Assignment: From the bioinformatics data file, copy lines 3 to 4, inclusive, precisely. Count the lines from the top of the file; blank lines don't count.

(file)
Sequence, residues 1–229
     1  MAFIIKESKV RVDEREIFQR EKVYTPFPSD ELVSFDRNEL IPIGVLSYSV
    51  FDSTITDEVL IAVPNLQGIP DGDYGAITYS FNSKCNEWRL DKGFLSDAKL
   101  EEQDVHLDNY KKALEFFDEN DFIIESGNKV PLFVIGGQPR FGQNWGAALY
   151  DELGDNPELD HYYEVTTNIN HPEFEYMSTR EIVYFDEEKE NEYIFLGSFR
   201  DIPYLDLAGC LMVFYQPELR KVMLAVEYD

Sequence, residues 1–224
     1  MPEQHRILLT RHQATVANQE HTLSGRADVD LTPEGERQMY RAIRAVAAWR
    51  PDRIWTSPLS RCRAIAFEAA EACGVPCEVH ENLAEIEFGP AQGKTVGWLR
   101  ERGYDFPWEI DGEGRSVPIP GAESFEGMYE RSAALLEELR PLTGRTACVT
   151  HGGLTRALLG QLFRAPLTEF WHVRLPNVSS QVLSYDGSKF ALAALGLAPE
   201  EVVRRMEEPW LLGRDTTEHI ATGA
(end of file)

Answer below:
    51  FDSTITDEVL IAVPNLQGIP DGDYGAITYS FNSKCNEWRL DKGFLSDAKL
   101  EEQDVHLDNY KKALEFFDEN DFIIESGNKV PLFVIGGQPR FGQNWGAALY